I am proud to have started a business in Portland and to have run it until 2015, when my daughter took over. This business, Hardypond Construction, is based on the principles of honesty and fairness, and we utilize practices such as profit sharing, great benefits and hiring a diverse workforce to achieve these goals. Hardypond Construction has always strived to do right by its employees – since they are the reason we’ve been a success story.

We are based in Portland and have been for more than 10 years, but more than half of our work takes place outside the city. This means we’ve paid a bit more in taxes than we would elsewhere, but we like Portland and it has been home since we moved to our current office and shop space in 2004. Portland has also treated us well and embraces small, local businesses like Hardypond.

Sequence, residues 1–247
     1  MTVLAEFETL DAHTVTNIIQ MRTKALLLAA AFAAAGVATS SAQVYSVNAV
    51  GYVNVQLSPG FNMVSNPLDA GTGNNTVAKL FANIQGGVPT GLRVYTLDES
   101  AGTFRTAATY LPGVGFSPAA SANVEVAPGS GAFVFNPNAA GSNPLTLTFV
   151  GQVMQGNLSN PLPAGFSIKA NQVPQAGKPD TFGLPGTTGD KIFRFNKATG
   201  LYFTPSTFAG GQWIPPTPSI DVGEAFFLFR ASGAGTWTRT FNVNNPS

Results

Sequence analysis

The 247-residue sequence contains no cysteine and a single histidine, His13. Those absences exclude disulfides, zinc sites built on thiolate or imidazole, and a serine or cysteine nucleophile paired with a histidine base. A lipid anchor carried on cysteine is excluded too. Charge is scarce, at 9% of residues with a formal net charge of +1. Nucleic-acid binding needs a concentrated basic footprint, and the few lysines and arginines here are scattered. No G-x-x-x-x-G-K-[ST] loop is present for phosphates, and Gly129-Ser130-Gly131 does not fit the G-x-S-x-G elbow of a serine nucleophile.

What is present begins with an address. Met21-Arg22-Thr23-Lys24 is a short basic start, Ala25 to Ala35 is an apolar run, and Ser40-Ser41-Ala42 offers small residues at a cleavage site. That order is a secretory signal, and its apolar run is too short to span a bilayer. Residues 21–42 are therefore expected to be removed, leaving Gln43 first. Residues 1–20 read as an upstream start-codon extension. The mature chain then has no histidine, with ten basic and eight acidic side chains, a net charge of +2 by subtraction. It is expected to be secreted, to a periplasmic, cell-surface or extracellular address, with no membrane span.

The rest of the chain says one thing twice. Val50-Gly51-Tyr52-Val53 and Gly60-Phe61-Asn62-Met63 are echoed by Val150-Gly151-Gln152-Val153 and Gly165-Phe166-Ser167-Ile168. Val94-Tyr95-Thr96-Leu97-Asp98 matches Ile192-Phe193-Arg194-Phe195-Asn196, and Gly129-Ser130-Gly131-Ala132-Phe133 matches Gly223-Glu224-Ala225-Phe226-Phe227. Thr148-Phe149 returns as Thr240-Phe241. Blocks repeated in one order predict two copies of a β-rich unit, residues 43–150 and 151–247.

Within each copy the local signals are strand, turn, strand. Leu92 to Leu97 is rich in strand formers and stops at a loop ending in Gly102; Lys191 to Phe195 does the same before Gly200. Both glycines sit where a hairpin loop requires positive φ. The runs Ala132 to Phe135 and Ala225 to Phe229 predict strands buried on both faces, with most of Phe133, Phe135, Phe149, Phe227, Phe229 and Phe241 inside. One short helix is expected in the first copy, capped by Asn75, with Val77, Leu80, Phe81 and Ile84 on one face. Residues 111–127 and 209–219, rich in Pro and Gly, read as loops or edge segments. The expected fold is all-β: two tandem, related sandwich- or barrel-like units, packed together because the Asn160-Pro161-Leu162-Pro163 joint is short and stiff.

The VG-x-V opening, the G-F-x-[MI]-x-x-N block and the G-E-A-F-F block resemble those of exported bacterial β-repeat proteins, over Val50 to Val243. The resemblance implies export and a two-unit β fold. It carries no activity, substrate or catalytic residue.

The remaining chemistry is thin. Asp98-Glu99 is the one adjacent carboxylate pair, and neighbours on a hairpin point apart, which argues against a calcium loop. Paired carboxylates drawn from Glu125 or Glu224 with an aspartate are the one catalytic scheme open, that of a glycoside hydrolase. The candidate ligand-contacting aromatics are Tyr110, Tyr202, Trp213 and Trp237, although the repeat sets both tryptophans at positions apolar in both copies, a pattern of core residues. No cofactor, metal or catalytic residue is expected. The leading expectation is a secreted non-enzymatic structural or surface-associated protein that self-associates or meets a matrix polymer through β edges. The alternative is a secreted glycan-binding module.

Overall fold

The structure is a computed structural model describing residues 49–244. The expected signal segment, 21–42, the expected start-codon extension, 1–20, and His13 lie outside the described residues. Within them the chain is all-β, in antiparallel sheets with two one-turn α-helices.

Mayor Ethan Strimling’s proposed paid sick leave mandate changes all of that. Rather than employers deciding, with their workers, the benefits package that best suits the business, this mandate lifts the power right out of the hands of businesses like mine and places it instead in City Hall. The paid sick leave mandate would change how we run our business, and it wouldn’t allow us to treat our employees like family or with compassion in their times of need.

The proposed language of the mandate shows what happens when business leaders are not involved in making these types of decisions. The mandate is a one-size-fits-all policy that would uniquely disadvantage businesses like mine that work in so many different municipalities.

Portland has been home for us since 2004, but if the paid sick leave mandate passes, we would be forced to move our company to a surrounding city. I would imagine we are not the only ones.

Bob Gaudreau


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